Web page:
After months of excitement about The Witcher 3, it seemed like it was falling apart in the run-up to launch. All of the reviews that went up last week were conducted on debug PS4 consoles. PC codes, meanwhile, were pushed back time and time again until finally I was told we’d receive code on launch day, probably. And all this from a PC-friendly developer like CD Projekt.
When a game’s coming in that hot on PC, we’re right to be worried. Mortal Kombat X, Assassin’s Creed Unity—these are just two recent examples where the PC version came at the last minute and featured huge problems not caught on consoles.
So yeah, I was worried about The Witcher 3. For no reason, it turns out.
NOTE: All tests in this article were conducted with Nvidia’s latest Witcher 3 game-ready driver installed, which was provided to us prior to release.
To be fair, I’m only ten-or-so hours in at the time of writing, which is why you’re getting impressions today instead of a full review. And I plan to experience all The Witcher 3 has to offer, so who even knows when a review will hit?
But from that ten hours, The Witcher 3 seems to be an amazing accomplishment. Much of what I’ve played so far I already covered in my preview of the first four hours—You’ll start in the small town of White Orchard for a massive, three-hour long “tutorial” area and then head to Vizima to meet with His Imperial Excellency Emhyr var Emreis. If you’ve never played a Witcher game you might feel a bit lost, but your companion Vesemir will help you through the worst of it with some subtle flavor text.
Yada yada yada. This is all fodder for a real review. Let’s talk about how it runs. That’s the big concern here, what with people dissecting old E3 demos on YouTube to see whether the game’s graphics have been “downgraded.”
Downgraded or not, the graphics in The Witcher 3 are gorgeous. However, I would say The Witcher 3 certainly isn’t the graphics card-punishing beast that Witcher 2 was. Running at 1080p I was able to max out most of the (extremely granular) settings except Nvidia HairWorks and maintain a steady 60 frames per second…on a single GeForce GTX 970. The only things I dipped were grass density and crowd size, and I left those on High.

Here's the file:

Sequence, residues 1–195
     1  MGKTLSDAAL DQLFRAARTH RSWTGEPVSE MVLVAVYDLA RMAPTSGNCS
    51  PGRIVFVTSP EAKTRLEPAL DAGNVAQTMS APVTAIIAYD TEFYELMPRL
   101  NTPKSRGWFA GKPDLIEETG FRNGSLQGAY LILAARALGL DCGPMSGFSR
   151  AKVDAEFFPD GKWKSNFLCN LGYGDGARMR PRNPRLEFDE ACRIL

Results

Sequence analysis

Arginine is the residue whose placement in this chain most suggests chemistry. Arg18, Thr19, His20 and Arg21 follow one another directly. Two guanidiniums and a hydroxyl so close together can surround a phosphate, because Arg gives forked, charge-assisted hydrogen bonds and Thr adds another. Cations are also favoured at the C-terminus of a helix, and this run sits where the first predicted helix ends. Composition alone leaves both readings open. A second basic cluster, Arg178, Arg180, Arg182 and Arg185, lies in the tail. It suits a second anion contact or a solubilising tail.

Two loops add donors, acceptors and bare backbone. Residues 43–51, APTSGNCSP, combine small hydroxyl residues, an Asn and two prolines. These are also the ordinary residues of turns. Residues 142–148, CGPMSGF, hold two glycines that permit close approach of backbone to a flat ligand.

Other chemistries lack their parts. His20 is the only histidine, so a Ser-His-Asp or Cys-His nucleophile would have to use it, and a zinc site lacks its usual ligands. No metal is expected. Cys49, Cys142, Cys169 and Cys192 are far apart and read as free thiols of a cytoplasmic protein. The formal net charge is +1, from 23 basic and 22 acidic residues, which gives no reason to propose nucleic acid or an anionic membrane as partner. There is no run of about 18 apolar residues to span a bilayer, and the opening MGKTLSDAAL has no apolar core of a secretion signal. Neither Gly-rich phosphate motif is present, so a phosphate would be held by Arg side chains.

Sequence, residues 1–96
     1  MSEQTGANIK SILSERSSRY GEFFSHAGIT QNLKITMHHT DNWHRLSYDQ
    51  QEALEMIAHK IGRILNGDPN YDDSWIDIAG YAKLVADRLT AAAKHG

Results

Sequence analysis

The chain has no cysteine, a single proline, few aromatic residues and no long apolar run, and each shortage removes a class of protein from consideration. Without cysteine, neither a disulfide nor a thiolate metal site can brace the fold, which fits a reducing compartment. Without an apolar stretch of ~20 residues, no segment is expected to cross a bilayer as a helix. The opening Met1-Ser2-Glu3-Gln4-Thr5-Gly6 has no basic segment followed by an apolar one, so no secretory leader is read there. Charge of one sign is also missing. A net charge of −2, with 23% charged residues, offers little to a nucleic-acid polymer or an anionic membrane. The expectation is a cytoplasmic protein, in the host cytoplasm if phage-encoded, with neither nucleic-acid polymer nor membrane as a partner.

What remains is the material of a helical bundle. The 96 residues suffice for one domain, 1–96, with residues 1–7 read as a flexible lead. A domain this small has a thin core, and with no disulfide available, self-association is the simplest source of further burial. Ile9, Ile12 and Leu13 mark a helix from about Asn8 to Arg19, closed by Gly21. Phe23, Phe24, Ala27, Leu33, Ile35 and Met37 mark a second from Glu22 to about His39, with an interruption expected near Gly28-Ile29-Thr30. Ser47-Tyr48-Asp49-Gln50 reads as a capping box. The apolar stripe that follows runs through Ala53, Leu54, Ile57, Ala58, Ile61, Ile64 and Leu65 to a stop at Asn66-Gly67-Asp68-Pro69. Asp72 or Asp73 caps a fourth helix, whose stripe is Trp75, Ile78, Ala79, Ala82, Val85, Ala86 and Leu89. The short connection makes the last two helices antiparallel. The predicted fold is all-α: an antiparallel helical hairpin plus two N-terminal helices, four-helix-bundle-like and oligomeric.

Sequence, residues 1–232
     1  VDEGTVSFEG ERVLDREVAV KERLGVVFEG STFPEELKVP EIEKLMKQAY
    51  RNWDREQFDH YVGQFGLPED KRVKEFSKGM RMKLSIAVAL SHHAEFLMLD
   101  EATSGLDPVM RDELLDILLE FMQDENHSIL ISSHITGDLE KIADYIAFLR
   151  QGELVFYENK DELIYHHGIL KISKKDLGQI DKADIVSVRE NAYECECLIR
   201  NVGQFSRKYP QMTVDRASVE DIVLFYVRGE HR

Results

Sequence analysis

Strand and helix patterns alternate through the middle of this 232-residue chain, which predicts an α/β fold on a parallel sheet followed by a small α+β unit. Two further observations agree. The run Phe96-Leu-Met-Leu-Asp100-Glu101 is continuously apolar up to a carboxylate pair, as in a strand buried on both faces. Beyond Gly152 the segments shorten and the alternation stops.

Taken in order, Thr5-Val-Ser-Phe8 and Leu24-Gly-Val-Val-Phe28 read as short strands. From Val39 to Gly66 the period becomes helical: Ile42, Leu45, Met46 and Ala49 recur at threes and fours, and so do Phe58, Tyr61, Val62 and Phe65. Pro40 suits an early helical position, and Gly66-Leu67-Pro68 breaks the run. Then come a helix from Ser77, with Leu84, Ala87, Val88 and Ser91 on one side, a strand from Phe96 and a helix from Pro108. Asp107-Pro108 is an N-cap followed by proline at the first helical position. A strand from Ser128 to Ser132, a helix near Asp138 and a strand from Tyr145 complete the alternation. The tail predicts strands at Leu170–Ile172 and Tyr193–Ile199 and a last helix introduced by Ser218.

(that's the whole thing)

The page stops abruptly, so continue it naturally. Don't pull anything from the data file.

I was surprised, actually. At launch, The Witcher 2 seemed essentially designed to set contemporary graphics cards on fire, and here I was maxing out 95 percent of The Witcher 3’s options on a single card. And not even a top-of-the-line card at that!
To be honest, I don’t know what to make of it. Are The Witcher 3’s graphics less future-proof than The Witcher 2? Better optimized? Or is it a testament to how far ahead of its time The Witcher 2 was?
Probably a bit of each, if I had to guess. Regardless, the graphics are still amazing. And there are a lot of graphics.
Really, that’s the biggest difference that can’t be conveyed through screenshots. The Witcher 3 is massive. It is larger than Watch_Dogs. It is larger than Assassin’s Creed Unity. It is larger than Grand Theft Auto V. The only games that come close in my mind are Skyrim and Dragon Age: Inquisition, although Dragon Age’s subsections are smaller than The Witcher 3’s areas.
This is a game of a scope The Witcher 2 never even attempted, with an overwhelmingly huge world and seamless interiors to boot. So yeah, maybe the graphics in The Witcher 3 don’t push the envelope as hard as The Witcher 2 did, but the difference is there’s about 100 times more of it, with few loading screens to mar the presentation.
And besides size, there are two areas in which The Witcher 3 takes some huge steps forward from its predecessor: lighting and faces.
Take a look back at The Witcher 2’s lighting and it’s…not great. During the day it’s sort of flat, broken only by the occasional god ray. At night it has this weird HDR-glow, bloom-overload thing going on.